27 March 2009

Invalidity for All, Courtesy of Mr. Bozek

"Hey, I haven't been disciplined by the Church I love to hate so much in at least a week--what puerile and ineffective gesture can I make today?"

That is not an actual quote, of course, but perhaps it really captures the essence of the daily reflections of Mr. Marek Bozek.  This time, as Christopher at Lost Lambs was kind enough to point out, our favorite lay excommunicate will host an invalid "communal penance service". 

Continuing to pretend to be a Catholic priest is evil and puerile enough, but in addition to invalid individual (attempted) absolutions in the confessionals, he will also offer an invalid (attempted) general absolution-- get this-- "according to the book of rites of the Roman Catholic Church".

April 3: Communal Penance Service
We encourage all Parishioners to prepare themselves spiritually for Easter by celebrating the Sacrament of Penance. Every Saturday there is an opportunity for  confession from 3:00 p.m. until 3:45 p.m. Additionally on Friday, 
April 3rdthere will be several priests listening to confessions from 6:00 p.m. until 7:00 p.m. At 7:00 p.m. a Communal Penance Service will be celebrated during which, as an alternative to individual confession, General Absolution will be offered according to the Book of Rites of the Roman Catholic Church.

Apparently, because we know Marek is a stickler for adhering to Catholic practice, he believes all four people likely to attend this event on April 3 will be in danger of death.   Are they going skydiving and the ceremony will be on the plane?  Do they think Archbishop Burke is sending in troops of Swiss Guards to break up the ceremony by force?  Hard to say.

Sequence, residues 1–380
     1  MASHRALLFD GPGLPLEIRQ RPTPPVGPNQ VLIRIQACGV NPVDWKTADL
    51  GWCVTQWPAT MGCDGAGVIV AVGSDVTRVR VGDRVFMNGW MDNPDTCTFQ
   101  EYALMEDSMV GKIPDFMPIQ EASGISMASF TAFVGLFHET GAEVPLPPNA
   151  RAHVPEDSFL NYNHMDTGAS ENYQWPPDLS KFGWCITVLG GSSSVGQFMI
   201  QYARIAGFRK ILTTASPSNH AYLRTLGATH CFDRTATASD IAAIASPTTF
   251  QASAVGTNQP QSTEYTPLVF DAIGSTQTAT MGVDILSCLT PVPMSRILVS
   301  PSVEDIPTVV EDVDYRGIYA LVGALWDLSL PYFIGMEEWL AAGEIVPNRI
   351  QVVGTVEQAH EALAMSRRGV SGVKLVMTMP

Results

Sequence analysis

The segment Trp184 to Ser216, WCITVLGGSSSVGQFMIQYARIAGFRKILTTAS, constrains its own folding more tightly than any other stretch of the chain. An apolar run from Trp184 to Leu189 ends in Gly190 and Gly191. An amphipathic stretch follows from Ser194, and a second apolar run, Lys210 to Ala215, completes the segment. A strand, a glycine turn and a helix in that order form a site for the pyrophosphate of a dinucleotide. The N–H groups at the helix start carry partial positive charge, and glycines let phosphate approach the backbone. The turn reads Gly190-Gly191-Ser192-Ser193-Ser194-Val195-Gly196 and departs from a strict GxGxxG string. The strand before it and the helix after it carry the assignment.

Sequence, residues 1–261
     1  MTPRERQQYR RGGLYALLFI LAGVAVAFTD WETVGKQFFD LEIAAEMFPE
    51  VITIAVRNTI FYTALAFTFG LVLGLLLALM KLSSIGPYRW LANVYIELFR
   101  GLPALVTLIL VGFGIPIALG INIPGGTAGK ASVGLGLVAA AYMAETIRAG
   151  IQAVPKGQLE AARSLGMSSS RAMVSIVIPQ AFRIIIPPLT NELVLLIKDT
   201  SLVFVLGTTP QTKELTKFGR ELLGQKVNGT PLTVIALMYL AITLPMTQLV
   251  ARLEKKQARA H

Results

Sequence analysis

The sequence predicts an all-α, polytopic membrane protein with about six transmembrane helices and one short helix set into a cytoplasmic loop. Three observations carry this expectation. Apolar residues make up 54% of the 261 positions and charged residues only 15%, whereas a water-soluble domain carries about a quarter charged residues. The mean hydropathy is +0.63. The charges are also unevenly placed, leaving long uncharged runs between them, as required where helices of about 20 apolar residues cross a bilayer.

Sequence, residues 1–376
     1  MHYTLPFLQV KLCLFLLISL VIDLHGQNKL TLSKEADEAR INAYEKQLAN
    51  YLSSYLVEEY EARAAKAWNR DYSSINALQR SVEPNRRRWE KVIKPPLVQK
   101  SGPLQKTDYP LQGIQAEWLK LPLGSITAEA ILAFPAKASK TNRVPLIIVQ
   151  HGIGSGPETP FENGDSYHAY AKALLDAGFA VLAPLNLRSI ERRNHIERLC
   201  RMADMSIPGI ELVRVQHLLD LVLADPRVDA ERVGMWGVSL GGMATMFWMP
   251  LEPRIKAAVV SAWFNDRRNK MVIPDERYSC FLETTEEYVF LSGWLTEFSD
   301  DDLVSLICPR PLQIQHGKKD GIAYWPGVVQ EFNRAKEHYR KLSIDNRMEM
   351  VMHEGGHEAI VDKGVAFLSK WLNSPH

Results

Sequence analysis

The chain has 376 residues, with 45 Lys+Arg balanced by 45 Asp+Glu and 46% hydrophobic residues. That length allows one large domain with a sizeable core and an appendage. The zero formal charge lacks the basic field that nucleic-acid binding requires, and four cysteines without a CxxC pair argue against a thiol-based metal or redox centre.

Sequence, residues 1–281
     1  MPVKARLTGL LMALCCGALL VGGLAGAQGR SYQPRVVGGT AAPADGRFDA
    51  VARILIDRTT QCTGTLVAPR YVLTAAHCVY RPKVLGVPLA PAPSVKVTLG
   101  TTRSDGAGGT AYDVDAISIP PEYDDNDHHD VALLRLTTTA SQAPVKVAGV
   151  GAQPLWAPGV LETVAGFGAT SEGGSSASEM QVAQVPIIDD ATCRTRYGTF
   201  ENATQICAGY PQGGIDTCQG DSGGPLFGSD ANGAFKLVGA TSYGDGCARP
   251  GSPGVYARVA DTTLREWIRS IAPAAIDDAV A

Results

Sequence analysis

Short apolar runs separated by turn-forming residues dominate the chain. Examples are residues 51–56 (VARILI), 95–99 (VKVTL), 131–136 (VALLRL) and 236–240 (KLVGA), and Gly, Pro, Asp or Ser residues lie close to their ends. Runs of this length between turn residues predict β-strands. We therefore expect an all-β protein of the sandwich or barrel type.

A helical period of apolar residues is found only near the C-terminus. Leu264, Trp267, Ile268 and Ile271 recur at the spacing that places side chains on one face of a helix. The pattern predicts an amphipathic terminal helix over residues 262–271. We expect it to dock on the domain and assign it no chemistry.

Of course, because he is degraded from the clerical state and further because he does not have faculties to hear confessions in this or any Catholic Diocese, his absolutions except in danger of death are absolutely invalid in any event.  But as you can see the notice doesn't state that he himself will be hearing confessions.  But even if he were a real priest, or even if in the very unlikely event that real Catholic priests with faculties to hear confessions in this Archdiocese are called in to do the job, the general absolution offered under the probable circumstances on April 3 are invalid.  Ineffective.  They don't work.  Just one more way the Bozek is leading these people astray.

In case schism and heresy have dimmed his memory, I offer for Mr. Bozek the relevant Canons of the Law of the Church that ruled he cannot exercise priestly functions anyway.  I even took the liberty of italicizing the important bits:

Can. 961 §1. Absolution cannot be imparted in a general manner to many penitents at once without previous individual confession unless:

1/ danger of death is imminent and there is insufficient time for the priest or priests to hear the confessions of the individual penitents;